The Game Expo 2023: A Promising Start for Melbourne’s Newest Community Gaming Convention
I had the pleasure of attending the first iteration of ‘The Game Expo’ (affectionately called TGX) in Melbourne as a content creator. I was keen to attend an event that was community driven and brand new for the Melbourne gaming community.
I knew full well it was likely going to be a smaller event, so my expectations weren’t that it was going to be a huge event like the much beloved PAX Australia which is hosted every year at the same venue – the Melbourne convention and exhibition centre – which sees up to 80,000 fans through its doors but I knew it’d be a smaller, intimate event and I was excited nonetheless.
And I was right! It was a small event, but you could tell it was created with passion and honestly it was refreshing attending a smaller event with ample networking opportunities rather than feeling rushed and claustrophobic at other events. I know a standard attendee may feel like there wasn’t much to do, but from my perspective I definitely spent my time doing all there was to offer.
There was an Artist Alley which was bustling both days, offering a variety of game and pop-culture inspired merchandise, tabletop gaming accessories and apparel. In my opinion, this inclusion was a great way to include the community and support artists at the event. Artist Alleys are unfortunately lacking at other events like PAX, but it seems that TGX’s inclusion of the Artist Alley has influenced another convention – as shortly after TGX’s conclusion, Dreamhack Melbourne (which is running in April) announced an Artist Alley.
There was a scavenger hunt where you had to collect different stamps from around the convention, and once you found 6 stamps you could then spin a wheel and win a prize. This was great, I walked away with a TGX water bottle that sits proudly on my desk. This inclusion was a great way to incentivize guests to really see everything on offer, rather than pacing the halls and not interacting with many people. With this scavenger hunt, I played retro games, tabletop games (I tried my hand at ‘Secret Hitler’ and did very well!), visited the freeplay areas and more.
Elegant Skeleton were on site doing research – in the form of an intensely difficult trivia game played through a website, that led my band of friends into staring at our phones at lunch trying to collaborate to answer questions about tabletop and video games, including very obscure ones. And we prevailed, topping the leaderboard for the weekend.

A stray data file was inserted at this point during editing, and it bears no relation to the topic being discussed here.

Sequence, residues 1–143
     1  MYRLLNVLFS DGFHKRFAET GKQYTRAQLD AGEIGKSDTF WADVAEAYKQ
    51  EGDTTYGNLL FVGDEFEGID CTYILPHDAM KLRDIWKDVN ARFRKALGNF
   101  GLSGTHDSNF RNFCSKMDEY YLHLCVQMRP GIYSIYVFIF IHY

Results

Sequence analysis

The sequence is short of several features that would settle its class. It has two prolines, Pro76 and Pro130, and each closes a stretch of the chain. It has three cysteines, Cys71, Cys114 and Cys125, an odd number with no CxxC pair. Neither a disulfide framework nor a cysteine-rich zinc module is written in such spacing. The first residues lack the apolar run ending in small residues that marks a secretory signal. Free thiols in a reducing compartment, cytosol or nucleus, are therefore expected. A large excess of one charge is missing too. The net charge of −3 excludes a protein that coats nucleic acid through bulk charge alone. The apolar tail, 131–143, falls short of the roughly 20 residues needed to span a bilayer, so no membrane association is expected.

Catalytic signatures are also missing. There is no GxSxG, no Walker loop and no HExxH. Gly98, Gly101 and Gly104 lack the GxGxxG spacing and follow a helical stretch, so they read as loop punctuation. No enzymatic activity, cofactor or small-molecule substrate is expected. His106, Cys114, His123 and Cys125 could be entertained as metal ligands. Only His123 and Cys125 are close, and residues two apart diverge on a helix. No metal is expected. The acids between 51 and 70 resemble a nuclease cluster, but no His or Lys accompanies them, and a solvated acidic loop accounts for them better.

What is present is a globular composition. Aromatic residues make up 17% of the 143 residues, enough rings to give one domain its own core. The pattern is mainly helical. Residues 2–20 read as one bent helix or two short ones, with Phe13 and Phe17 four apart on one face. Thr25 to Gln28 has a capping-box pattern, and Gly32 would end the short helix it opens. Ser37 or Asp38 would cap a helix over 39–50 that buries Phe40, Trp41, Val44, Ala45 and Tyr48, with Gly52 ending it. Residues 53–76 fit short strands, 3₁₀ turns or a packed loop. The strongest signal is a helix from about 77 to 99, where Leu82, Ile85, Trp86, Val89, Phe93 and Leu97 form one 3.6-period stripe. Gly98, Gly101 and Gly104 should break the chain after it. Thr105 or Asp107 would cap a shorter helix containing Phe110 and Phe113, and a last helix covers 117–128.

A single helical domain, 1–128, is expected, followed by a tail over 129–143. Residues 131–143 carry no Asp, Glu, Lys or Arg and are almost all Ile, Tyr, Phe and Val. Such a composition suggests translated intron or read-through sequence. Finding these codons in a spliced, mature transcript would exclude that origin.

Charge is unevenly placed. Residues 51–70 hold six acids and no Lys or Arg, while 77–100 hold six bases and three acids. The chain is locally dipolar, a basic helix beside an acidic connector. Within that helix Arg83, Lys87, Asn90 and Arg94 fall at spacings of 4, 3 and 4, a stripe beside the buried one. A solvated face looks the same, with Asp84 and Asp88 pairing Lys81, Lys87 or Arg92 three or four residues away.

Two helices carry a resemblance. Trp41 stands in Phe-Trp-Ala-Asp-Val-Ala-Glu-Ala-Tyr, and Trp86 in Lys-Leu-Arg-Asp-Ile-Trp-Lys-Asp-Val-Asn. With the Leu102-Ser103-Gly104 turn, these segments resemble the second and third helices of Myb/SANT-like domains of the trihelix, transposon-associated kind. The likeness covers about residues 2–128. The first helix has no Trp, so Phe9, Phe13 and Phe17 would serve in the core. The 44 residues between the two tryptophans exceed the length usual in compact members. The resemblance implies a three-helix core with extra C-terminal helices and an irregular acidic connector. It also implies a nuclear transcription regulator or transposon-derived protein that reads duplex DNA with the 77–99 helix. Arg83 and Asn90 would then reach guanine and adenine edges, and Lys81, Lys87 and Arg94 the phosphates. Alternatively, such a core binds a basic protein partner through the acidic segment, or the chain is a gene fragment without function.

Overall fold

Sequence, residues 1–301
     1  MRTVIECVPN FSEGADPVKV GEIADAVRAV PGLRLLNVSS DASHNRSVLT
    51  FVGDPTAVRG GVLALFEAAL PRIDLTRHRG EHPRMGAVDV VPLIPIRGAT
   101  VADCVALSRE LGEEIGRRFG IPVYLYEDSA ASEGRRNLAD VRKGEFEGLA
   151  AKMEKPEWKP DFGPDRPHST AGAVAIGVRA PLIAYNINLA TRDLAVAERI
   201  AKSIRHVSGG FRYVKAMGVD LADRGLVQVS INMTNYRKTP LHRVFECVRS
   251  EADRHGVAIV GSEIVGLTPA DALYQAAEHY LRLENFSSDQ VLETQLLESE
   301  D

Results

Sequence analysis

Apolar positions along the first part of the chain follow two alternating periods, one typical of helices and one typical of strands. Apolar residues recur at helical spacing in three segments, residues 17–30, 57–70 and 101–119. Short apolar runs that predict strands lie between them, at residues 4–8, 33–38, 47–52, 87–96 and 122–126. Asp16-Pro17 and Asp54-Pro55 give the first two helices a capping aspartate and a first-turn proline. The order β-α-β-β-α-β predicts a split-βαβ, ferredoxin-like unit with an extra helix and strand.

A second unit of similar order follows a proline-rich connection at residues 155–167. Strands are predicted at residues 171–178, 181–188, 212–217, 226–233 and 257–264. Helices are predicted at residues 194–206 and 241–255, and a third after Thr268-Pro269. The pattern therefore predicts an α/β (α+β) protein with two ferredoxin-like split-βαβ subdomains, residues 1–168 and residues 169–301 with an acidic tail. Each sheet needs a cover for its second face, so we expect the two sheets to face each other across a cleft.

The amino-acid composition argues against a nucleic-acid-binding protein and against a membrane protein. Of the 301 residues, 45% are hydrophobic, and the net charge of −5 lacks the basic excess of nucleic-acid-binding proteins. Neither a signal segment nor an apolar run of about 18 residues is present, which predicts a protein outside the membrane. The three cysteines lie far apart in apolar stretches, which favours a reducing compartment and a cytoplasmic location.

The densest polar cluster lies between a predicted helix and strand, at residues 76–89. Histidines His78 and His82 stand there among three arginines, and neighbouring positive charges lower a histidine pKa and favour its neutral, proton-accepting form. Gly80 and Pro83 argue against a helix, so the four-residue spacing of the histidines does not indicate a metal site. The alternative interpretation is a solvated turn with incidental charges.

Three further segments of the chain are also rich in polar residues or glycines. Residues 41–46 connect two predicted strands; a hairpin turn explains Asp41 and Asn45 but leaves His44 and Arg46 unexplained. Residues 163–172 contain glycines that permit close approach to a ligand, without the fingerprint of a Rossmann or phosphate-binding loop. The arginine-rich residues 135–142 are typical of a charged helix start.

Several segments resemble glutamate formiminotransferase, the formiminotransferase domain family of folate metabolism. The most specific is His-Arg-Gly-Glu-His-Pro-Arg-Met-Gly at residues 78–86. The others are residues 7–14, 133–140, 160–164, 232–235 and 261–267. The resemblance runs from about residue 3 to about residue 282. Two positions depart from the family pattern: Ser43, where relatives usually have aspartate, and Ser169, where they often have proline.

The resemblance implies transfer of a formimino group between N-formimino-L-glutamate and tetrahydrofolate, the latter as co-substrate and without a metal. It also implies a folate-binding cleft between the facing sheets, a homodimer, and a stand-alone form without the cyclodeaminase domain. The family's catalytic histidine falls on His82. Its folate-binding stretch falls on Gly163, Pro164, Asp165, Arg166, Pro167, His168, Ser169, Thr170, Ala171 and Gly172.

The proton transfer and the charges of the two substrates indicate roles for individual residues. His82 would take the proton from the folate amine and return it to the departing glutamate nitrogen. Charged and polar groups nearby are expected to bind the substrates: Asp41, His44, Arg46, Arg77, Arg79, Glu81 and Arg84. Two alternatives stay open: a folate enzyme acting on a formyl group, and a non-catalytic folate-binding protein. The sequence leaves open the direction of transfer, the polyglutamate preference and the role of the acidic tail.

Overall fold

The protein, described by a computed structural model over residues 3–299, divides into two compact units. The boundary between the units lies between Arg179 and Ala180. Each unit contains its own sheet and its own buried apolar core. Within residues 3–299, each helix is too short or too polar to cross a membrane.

TGX had some great cosplaying events over the two days; the level of talent on the stage during the cosplay competition was wild, and I’m so glad to see TGX supporting cosplayers.
One of the highlights for me was being part of a panel on stage for the Zombies Love Bacon (ZLB) Podcast. Although there were no volunteers initially on hand to oversee the panel, we were able to get assistance once I requested it. Hopefully next year with more volunteers, they won’t be spread so thinly.
However, the event lacked a strong indie game presence, which was disappointing. This is something that could be improved in future editions of TGX. at PAX I tend to spend a lot of time with the indie game developers, so I’m hoping TGX will also have more onboard in the future so I don’t need to wait until October to see what the Australian indie games industry is producing!
I’m extremely happy with how they supported content creators and media at the event – the inclusion of the VIP lounge for networking and relaxing was great, and served free drinks and snacks.
As a first-time event, TGX faced some challenges in communicating its purpose and offerings. Many attendees expected it to be a PAX-like experience, but it was more focused on competitive gaming and LAN events. This focus was not well-communicated leading up to the event, causing confusion among attendees.
To improve future editions of TGX, better marketing and communication about the event’s focus should be prioritised. Emphasising the aspects that worked well this year, such as the cosplay crowd and the LAN vibe, would be beneficial.
Additionally, featuring more events and on-floor competitions with a wider variety of games would help draw a larger audience. Encouraging Australian indie developers to participate could also enhance the event, as their presence was minimal this year.
Overall, The Game Expo 2023 was a surprisingly enjoyable first-year convention. While not perfect, it provided a solid foundation for future editions to build upon. With better communication and a stronger focus on the event’s unique offerings, TGX has the potential to become a staple in Melbourne’s gaming convention scene.